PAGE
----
Tuesday, February 15, 2011

Are your characters scared?

How often to you put the fear in your characters? Other than when being chased by a brain eating zombie that is.

Fear is for more than horror tales. It’s something that we carry with us every day. Every living creature has a fear. Admit it even you are afraid of something. Indiana Jones was afraid of snakes, Tom Hanks character from Angels & Demons was claustrophobic.

Those fears can give a needed push to a scene or have a significant effect on a story. It can be a hindrance for your character or a challenge they can overcome. No matter what the fear at some point a person is going to have to face it. Maybe daily.

Look back for a moment at the television series Monk. He was terrified of germs. It was a challenge for that character to overcome his fear in order to solve the mystery. With out his quirky fear it would have been a pretty boring show.

Our fears are part of our personality traits as much as any other. Perfect heroes and heroines are really hard to swallow. It’s the flaws that draw the reader to them more than the perfections. So don’t be afraid to let the character’s negative side show now and again.

You don’t have to be cliché when passing out phobias. There are hundreds of them to chose from. You might have a character afraid of rabbits or thunder, fear of a certain plant or even a scent. Almost anything can be a fear.

By adding this one little flaw you’re opening a whole new avenue for your character and story. If you hit a block at one point that might be the time to bring up why your character has this fear or make a situation where they have to face it in order to move to the next task.

Fear is a challenge we all can relate to. Young or old we walk along with all of the fears and phobias around us just waiting to jump out and say boo. So put some fear in your character and see where this new dimension in his/her personality takes you.


Monday, February 14, 2011

OneWord/60 Seconds: Chocolate

OneWord.com is a website for getting the muse warmed up. Each day you get one word and sixty seconds in which to write what it inspires. This was my entry today.

The one who’s there for every turn of life. From break ups to celebrations, chocolate is always by my side. Warming me on cool nights with a few marshmallow friends. A cool summer treat turned into ice cream. Even in my coffee to give me the pick up I need when the day is going down hill fast.Comes in a kiss or a bar, all shapes in sizes not caring if I’ve shaved my legs or gained a pound. Late at night when no one else is around. It’s just the two of us and tasty bliss.


Tuesday, February 8, 2011

Breaking Past Writer’s Block

There is only one way to really break that block. Write. Take an active role in getting past whatever is blocking your prose. Instead of sitting in front of the television for the next episode of American Idol try one of these ideas to get wake up your muse.

We all have looked in someone else’s medicine cabinet, so why not your main character?  Write about what they find in there. It could be mundane everyday stuff, something tawdry, or a hidden secret.

It doesn’t have to be a medicine cabinet. He/she can look in a drawer or the glove box in a car. Just open something up and take a long gander at what’s inside. You’ll be quite surprised at what he or another character is keeping stashed away. Somewhere hidden in the back of the junk drawer of your character’s boss’ desk is way back on track with your manuscript.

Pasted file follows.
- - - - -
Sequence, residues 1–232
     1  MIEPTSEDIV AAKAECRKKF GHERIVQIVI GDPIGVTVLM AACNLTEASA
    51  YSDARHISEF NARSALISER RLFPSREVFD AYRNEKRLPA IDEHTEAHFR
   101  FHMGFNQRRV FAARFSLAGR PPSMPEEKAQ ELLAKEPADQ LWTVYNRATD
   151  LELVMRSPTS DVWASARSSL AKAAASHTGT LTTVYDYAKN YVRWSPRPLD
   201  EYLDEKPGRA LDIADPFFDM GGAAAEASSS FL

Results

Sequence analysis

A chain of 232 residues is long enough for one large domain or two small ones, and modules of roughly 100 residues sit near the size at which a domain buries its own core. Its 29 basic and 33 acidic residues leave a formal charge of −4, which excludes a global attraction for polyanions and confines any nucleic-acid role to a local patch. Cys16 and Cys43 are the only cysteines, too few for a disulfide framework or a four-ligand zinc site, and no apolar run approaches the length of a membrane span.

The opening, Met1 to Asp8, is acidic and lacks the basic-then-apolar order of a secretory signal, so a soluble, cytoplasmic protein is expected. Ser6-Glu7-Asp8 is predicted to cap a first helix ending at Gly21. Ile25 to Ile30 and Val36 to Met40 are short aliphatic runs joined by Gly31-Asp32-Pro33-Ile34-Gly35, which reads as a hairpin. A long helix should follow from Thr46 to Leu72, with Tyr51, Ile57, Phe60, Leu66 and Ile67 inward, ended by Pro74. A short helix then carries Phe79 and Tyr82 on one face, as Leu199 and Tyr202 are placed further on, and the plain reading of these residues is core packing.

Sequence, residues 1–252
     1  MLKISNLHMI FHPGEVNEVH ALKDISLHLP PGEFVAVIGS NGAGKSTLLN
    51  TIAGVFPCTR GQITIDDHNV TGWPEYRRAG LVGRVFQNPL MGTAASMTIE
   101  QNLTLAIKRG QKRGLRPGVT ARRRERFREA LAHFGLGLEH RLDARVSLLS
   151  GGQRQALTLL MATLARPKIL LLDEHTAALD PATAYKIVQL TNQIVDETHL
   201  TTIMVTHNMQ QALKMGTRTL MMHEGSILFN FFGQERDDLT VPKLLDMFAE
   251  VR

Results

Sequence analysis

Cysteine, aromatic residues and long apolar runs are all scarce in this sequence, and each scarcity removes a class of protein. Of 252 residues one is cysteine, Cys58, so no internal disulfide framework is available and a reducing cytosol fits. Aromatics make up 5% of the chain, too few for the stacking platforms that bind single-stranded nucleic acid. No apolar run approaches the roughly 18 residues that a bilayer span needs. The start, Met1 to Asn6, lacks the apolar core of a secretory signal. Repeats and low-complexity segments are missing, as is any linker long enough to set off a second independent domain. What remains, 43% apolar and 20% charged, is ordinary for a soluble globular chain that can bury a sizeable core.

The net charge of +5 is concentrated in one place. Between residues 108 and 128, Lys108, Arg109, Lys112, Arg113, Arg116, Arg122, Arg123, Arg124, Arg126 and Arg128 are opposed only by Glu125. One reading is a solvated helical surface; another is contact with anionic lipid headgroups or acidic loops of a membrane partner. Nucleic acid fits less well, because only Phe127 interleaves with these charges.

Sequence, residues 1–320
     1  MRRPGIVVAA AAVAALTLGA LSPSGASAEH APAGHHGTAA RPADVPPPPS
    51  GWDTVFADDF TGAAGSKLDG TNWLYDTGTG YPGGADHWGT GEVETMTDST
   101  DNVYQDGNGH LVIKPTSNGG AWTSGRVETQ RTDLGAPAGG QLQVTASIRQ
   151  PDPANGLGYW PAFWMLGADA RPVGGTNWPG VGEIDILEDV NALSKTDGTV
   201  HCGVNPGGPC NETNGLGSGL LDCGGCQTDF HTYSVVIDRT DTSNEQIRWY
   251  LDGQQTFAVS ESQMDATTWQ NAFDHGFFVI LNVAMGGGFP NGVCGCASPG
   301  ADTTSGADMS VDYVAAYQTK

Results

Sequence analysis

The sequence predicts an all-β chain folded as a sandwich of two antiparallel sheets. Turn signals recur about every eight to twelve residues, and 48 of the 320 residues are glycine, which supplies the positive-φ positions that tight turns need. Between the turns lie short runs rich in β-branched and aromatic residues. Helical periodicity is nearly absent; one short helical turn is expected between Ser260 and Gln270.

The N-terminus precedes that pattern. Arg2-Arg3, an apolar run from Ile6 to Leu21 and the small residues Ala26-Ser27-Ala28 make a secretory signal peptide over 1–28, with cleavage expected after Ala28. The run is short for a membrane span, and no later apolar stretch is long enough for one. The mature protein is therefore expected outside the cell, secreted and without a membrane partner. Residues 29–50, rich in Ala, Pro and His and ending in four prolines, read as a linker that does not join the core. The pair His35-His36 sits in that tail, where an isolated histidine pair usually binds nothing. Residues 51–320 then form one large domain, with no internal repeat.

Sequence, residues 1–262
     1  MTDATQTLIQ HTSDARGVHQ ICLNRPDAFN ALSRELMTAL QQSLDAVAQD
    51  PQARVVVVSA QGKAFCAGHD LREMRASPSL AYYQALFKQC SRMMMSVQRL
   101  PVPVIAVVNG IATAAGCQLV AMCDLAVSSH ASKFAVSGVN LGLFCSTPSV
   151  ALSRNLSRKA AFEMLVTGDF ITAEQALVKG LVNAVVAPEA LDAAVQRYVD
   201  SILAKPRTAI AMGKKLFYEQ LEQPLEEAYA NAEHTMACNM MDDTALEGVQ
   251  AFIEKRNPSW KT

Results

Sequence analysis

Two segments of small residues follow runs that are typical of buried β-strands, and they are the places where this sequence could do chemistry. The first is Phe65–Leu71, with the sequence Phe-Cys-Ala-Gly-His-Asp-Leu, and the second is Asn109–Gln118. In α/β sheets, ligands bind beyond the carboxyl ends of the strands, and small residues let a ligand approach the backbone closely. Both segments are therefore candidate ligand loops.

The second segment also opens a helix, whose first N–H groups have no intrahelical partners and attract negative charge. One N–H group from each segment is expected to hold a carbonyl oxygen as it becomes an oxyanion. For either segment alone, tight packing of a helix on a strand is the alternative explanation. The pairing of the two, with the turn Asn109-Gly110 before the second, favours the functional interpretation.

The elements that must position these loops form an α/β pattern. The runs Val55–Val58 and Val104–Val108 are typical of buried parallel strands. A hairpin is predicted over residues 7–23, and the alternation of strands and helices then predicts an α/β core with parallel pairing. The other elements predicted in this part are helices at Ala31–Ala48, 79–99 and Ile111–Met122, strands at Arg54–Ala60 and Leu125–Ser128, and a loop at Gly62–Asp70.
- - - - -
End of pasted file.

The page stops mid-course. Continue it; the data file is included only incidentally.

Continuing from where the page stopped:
A lost object is another great way to trick the muse into walking around that block. While searching for lost keys, phone, cigar clipper, or the hamster that escaped his cage you can find all sorts of things to fluff your plot. Use it to explore a bit more of your character’s personality, or, that of another character helping in the search.

All else fails have disaster strike. It’s amazing how much a lightning strike or freak tornado ripping across the front lawn can get the creative juices flowing again.  In real life these things can come out of no where so why not use a cyclone to drop a house on your block.

Open a new doc and pick any character but your hero/heroine. A background character such as the guy in the parking garage, the waitress with the great smile, someone who is mentioned but really isn’t a player in your story.

Now take that person and write a page about them. What where they doing before meeting your MC? Do they have a cat or is she slinging hash until she’s discovered as the next Marilyn Monroe? Once you’ve gotten a few paragraphs or a page you can go back to your WIP, you’ll find your muse is now ready to take off again.

Writer’s block is like a huge wall that falls in front of our muse. Looking up it seems impossible to get over that wall. Put your fingers on the keyboard and write until that wall crumbles.  When it does the sun will shine, the forest animals will surround your desk in song…. Okay not really but you’ll be celebrating with your muse as the story picks up speed again. 

Writing Challenge:  WRITER'S BLOCK
  1. Second Tuesday 2: Words Shy of Daylight - Alberta Ross
  2. 12 & a ½ Ways to Deal with Writer’s’Block - Ruchira Mandal
  3. Second Tuesday - Writer's Block - Patti Larsen
  4. Iain the Cat opines on Writer's Block - Jeannie
  5. Using Writer's Block as an Excuse to not Write - Rebeca Schilller
  6. Writer's Block - Gary Varner
  7. Second Tuesday - Writer's Block and the Tooth Fairy - Annetta Ribken
  8. Writer's Block or Writer's Withdrawal - Eden Baylee
  9. Breaking Past Writer's Block - Elise VanCise

This post is part of a monthly writing challenge known as "Second Tuesday," written by members of the Fellow Writers' Facebook group. Click on any link above to read another "Second Tuesday" post. Enjoy!